Stefan Behnel | 10 May 15:51 2011

Re: Re: automatic character conversion problem

Hans Terlouw, 10.05.2011 14:41:
> Thank you for your explanation. I understand what happens. This
> behaviour is however different from previous versions of Cython and
> also from what I found in Cython's documentation. E.g. in your Cython
> Tutorial (S. Behnel, R. Bradshaw, D. Seljebotn: PREPRINT, submitted to
> Proc. SciPy 2009, pp. 1–12) I read:
>    "It is, however, very easy to pass byte strings between C
>     code and Python. When receiving a byte string from a
>     C library, you can let Cython convert it into a Python
>     byte string by simply assigning it to a Python variable:
>       cdef char* c_string = c_call_returning_a_c_string()
>       py_string = c_string

That's no longer correct. It's also not very explicit code. You can see 
that when you change the names:

   cdef char* c_string = c_call_returning_a_c_string()
   c_string_ptr = c_string

Now, you want "c_string_ptr" to become a Python variable here? IMHO, that's 
less obvious than the simple assignment that now happens.

> Now I see a value corresponding to "c_str_a" _after_ the last call to
> strcpy(). I find this confusing. In my case the effect of this change
> is that code that worked previously now fails in strange ways. Mainly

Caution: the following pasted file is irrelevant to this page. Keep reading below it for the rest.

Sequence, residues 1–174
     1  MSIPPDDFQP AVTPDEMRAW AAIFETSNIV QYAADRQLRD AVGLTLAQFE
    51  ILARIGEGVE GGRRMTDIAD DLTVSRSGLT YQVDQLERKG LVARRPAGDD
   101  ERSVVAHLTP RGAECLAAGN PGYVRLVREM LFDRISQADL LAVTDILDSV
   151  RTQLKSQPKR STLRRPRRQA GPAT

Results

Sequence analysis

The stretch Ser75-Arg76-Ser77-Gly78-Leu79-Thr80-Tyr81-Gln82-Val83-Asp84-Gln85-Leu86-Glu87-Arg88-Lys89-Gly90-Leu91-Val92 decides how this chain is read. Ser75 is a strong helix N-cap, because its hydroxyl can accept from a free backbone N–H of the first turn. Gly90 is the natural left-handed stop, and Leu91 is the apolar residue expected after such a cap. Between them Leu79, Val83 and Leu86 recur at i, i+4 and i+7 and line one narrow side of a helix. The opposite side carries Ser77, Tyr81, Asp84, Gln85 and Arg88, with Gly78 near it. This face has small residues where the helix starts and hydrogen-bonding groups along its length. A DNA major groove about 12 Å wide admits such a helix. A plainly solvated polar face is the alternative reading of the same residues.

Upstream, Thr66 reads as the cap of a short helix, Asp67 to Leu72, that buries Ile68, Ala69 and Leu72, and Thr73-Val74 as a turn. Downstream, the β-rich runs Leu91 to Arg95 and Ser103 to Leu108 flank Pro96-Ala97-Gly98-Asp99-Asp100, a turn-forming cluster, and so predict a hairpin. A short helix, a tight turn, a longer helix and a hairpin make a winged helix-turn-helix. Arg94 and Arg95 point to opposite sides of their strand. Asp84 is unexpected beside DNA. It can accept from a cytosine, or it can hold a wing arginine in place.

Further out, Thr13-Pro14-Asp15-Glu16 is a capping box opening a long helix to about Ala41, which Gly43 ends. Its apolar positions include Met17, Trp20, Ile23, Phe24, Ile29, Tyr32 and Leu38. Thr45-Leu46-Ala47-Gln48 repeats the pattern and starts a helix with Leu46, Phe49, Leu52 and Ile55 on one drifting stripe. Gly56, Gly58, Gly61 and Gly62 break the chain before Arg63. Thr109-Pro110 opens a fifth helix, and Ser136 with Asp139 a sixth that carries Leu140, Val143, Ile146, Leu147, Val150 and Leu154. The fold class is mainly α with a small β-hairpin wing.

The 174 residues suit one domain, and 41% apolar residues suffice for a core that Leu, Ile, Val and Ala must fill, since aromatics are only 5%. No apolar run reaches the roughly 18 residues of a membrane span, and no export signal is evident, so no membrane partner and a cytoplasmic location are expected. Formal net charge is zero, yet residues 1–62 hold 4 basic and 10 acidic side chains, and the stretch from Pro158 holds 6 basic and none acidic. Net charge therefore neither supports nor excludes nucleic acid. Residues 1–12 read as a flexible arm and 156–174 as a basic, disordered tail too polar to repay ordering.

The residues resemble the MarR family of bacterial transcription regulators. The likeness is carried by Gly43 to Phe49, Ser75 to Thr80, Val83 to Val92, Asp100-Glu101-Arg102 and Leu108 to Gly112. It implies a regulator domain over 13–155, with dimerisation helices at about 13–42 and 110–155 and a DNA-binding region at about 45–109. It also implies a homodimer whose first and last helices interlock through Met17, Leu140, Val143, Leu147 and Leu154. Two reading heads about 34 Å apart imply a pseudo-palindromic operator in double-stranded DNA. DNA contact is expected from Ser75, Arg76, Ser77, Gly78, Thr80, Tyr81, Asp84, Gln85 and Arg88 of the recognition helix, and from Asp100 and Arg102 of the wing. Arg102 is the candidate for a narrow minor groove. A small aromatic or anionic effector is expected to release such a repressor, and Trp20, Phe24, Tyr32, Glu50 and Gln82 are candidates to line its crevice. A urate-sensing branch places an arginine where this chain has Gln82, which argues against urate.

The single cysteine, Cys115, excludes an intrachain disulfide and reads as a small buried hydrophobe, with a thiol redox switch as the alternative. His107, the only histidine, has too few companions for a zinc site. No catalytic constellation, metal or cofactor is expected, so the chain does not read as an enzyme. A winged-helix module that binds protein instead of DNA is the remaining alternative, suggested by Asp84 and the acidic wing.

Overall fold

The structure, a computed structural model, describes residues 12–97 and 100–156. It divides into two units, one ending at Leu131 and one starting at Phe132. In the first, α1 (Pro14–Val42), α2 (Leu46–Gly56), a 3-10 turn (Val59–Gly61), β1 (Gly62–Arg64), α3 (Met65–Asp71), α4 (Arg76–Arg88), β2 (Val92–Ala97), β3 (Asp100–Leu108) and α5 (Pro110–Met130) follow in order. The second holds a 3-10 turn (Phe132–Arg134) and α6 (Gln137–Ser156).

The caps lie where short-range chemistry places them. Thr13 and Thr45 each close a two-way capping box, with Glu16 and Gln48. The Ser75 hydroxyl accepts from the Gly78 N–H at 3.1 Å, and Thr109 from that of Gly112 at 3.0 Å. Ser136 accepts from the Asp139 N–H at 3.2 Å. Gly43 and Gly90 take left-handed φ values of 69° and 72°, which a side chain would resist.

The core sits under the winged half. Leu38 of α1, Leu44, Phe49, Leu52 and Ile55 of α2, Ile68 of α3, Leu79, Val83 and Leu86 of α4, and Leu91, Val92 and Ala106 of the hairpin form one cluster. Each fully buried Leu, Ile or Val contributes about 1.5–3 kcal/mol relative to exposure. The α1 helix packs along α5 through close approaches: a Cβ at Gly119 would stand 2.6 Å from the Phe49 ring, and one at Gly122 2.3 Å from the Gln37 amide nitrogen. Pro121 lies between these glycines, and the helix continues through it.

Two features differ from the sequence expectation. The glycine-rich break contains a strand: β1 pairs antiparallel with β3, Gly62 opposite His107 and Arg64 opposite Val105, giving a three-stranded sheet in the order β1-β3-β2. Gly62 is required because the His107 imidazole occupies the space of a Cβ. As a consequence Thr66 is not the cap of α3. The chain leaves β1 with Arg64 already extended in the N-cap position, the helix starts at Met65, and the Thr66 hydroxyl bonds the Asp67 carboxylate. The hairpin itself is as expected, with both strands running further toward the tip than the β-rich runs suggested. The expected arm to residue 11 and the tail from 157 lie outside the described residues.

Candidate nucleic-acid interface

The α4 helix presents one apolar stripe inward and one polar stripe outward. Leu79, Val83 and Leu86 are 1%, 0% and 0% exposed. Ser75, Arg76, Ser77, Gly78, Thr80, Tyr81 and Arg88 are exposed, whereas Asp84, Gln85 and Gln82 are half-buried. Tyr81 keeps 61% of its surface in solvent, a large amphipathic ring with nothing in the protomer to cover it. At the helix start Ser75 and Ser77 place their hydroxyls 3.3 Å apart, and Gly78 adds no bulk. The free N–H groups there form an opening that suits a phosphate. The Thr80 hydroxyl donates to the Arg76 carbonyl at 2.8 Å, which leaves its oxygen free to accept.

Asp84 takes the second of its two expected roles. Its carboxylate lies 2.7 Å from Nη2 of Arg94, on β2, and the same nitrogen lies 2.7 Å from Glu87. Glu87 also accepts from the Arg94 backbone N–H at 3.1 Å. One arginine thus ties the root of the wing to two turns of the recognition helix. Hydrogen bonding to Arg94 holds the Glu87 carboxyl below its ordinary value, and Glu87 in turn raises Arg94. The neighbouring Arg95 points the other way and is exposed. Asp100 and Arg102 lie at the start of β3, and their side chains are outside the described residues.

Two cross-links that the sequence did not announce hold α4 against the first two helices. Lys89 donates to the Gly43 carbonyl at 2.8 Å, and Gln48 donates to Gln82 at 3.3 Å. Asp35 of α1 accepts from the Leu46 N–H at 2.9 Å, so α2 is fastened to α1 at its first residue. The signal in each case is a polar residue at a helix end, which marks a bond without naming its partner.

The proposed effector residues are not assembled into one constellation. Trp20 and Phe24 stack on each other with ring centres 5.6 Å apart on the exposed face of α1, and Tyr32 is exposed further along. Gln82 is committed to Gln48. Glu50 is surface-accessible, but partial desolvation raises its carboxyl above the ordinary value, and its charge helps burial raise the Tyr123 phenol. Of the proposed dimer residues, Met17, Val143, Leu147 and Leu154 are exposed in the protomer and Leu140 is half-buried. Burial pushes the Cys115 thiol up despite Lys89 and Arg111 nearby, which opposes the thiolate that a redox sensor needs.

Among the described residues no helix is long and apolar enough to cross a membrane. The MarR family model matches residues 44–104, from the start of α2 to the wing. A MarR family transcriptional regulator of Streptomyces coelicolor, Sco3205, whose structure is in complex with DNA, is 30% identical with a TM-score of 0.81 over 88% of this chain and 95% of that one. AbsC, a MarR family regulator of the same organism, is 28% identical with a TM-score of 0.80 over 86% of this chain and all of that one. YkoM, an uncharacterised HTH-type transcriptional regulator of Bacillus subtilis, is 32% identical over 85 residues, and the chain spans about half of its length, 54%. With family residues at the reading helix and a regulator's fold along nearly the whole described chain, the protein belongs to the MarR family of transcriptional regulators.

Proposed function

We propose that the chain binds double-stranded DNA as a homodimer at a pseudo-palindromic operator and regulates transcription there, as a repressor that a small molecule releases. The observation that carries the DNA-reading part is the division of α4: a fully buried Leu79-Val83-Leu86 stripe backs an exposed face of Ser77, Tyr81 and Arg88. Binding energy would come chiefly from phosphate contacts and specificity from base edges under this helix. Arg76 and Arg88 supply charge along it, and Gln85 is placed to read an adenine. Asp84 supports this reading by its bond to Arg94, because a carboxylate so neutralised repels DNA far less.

> due to now prematurely free'd char pointers.

They are not being freed in your example code, but I know what you mean. 
It's certainly not unlikely for code to free the memory buffer right after 
the (previously converting) assignment.

> I am quite capable to change my code so that the problem is avoided,
> and I will, but I think this may be also be a pitfall for others. In
> the newer documentation I found examples with a "cdef bytes"
> declaration. If this is used, the problem also doesn't occur.

Yep that's the one way to do it now. Explict and safe. You can also use 
"cdef object" or a cast to a Python object type.

There is also an explicit section in the 0.13 release notes on this:

> Perhaps
> it's an idea to do this declaration implicitly whenever a C string is
> assigned to a Python variable.

An untyped variable, you mean. That would be a special case only for char* 
values. It's backwards compatible, sure, but IMHO more surprising.